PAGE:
A $90 million project is keeping people in North Dakota connected. South central North Dakota has the largest fiber optic broadband network in the nation. Today Jamestown College held a press conference to unveil the project.
Jasper Schneider – US Department of Agriculture: "It allows farmers to get access to real time market information. It allows families and friends to stay connected to their loved ones."
This isn't in the big city. This is in south central North Dakota where thousands of miles of fiber optic cable have been installed underground to provide the fastest internet available.
Keith Larson - Dakota Central Telecommunications: "It can provide video services on it, high speed internet services and also telephone services."
Dakota Central Telecommunications and Dickey Rural Networks embarked on the fiber optic project separately more than five years ago. Today, about 18,000 customers are connected to the network.
Gary Hoffman - Fiber-optic Broadband Customer: "I can work from my farmhouse."
Gary Hoffman is the executive director of the North Dakota Dairy Coalition. The main office is in Mandan, but he can get the job done from his home in rural Ashley, even communicating easily with a couple from Ireland.
Gary Hoffman: "It allows me to send pictures and big files to them because of the broadband and next month they're gonna be in North Dakota, checking out North Dakota as a possible place to build a brand new dairy."
Rick Berg – (R) North Dakota: "We've all the sudden unleashed in your area here the opportunity to compete with anyone worldwide."
The fiber optic network in south central North Dakota covers 10,000 square miles.
For a copy of the Report Click the Link above.
A new report highlights technological capabilities in Dickey County, N.D.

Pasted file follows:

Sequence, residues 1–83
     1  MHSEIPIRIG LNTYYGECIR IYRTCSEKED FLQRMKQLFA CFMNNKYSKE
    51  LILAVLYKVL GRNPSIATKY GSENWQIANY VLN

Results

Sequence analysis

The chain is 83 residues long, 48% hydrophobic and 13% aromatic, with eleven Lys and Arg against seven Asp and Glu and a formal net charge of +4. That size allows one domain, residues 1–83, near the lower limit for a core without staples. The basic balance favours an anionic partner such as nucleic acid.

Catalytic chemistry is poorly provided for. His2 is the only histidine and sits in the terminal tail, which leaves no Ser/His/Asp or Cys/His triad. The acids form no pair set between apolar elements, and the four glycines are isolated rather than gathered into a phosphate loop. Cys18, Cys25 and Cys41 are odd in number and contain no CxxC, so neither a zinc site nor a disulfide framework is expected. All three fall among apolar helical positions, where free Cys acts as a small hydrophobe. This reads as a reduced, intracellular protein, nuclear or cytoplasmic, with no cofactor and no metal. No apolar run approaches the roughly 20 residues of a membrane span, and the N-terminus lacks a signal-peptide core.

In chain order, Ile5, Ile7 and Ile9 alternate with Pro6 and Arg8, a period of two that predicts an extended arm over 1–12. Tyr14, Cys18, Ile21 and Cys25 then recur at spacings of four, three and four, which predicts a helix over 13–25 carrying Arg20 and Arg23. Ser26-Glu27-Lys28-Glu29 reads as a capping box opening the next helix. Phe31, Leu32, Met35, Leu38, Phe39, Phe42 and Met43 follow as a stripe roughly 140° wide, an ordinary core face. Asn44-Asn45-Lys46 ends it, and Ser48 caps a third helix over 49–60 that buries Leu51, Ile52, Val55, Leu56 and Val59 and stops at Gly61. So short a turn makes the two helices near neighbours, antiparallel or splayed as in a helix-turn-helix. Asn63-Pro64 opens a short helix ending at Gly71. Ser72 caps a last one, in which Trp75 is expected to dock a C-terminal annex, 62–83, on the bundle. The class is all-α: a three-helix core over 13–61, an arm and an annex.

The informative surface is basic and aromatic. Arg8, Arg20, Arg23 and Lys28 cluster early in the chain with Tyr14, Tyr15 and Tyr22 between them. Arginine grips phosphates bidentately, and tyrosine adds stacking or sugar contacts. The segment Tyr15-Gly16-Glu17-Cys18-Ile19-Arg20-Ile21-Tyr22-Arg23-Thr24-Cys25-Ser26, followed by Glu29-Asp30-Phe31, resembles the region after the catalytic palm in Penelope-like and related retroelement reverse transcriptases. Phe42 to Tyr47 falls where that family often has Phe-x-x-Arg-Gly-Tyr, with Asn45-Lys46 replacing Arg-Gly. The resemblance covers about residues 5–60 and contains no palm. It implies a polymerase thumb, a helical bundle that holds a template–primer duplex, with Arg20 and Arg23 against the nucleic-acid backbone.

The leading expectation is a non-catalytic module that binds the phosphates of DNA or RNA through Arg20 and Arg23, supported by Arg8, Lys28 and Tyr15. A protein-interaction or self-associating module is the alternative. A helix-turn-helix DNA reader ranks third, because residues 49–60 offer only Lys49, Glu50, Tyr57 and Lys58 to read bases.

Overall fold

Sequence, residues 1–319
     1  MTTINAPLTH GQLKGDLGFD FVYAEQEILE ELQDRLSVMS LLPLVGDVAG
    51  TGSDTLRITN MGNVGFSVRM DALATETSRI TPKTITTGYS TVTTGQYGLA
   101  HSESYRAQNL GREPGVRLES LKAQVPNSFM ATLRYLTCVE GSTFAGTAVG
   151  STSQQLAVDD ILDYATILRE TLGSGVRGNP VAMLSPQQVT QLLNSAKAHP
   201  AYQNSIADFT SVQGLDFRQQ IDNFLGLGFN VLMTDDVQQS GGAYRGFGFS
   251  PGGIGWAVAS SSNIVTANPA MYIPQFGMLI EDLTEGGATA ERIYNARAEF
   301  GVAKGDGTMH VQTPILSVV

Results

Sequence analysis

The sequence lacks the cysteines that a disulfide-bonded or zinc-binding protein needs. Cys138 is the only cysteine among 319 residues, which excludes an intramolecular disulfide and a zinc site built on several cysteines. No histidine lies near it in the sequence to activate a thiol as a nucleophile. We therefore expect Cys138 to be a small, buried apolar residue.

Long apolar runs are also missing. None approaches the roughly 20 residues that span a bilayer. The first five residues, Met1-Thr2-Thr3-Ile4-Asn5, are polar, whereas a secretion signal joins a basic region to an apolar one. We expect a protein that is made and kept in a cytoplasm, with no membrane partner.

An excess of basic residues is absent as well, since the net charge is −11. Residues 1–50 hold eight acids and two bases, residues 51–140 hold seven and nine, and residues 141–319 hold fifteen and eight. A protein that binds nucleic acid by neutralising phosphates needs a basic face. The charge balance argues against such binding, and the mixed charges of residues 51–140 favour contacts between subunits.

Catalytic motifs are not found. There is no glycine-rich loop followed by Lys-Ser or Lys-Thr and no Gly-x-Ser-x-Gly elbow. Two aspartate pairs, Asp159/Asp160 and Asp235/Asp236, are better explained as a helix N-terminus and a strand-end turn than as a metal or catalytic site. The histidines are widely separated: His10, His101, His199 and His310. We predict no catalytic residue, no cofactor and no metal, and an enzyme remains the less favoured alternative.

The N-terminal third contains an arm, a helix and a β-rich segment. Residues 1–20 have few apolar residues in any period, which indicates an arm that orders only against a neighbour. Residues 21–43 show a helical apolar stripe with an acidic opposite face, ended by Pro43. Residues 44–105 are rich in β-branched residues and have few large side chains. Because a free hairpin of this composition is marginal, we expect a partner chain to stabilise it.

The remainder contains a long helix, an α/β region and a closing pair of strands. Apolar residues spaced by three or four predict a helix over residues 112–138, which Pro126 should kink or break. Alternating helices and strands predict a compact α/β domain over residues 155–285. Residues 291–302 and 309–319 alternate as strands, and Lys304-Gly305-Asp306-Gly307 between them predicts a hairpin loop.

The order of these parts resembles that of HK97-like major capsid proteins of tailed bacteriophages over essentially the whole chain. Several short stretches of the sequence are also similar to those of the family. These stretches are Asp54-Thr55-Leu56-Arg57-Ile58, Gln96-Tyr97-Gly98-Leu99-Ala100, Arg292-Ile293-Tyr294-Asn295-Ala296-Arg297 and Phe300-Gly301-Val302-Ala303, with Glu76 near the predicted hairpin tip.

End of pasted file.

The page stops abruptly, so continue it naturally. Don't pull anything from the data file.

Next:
The report, commissioned by the city of Ellendale, helps showcase the capabilities of Operational Security Services Inc., a secure data storage facility in Ellendale. The report was also meant to get the word out to potential businesses about the type of technological infrastructure that exists in the county, said Ellendale Mayor Don Flaherty.
The report, "The infrastructure of Dickey County, N.D.: A cost effective data center infrastructure," was prepared by Evans Analytics, a consulting firm headquartered in Apex, N.C.
Dickey County, N.D., and Ellendale are desirable sites for secure data storage, according to the report.
"Taking into account a resilient, stable economy, a moderate climate and extremely low crime rates, Dickey County has much to offer as a host for a data warehouse," according to the report.
According to the report, North Dakota has one of the most powerful fiber optic networks in the nation and has low power costs. Dickey County has redundant sources of power; has more power than is being used by its population; and has abundant fiber leading to Operational Security Services, according to the report.
Operational Security Services, a service disabled veteran owned small business, stores primarily unclassified government data, including through a contract with the U.S. Air Force, said its president, Dustin Wagner.
Operational Security Services keeps all of its data — unlike some data storage firms, whose data might end up stored overseas, Wagner said.
Operational Security Services "is optimal to meet many of the needs of the data storage for major current and anticipated needs for North Dakota," according to the report.
The report compares infrastructure in the Dickey County area to that in Grand Forks. That's where the main North Dakota university system's information technology center is located, Flaherty said. City officials also wanted to show that Dickey County can handle all of the university system's back-up data, he said.
"We have facilities here that can support what they're doing up there," he said.
California data firm has plans for Ellendale
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A California company may have found a business partner in Ellendale on a data storage venture.
Twin Imaging Technology is a firm from the San Diego area specializing in converting paper documents into digital files. It would like to establish a second location in the Dickey County community of 1,559 people, collaborating with a local data management start-up.
“You have a great IT network out there,” said co-owner Sean Martin referring to information technology. “A lot of it is dark, meaning that it’s not being used.”
The company was attracted to Ellendale in part by a data storage company there, Operational Security Services Inc., a 6-month-old business that manages digitally archived information. Dustin Wagner, who started the company, said he met Gina Martin, who co-owns Twin Imaging with her husband Sean, at a conference, and the two saw an opportunity to collaborate.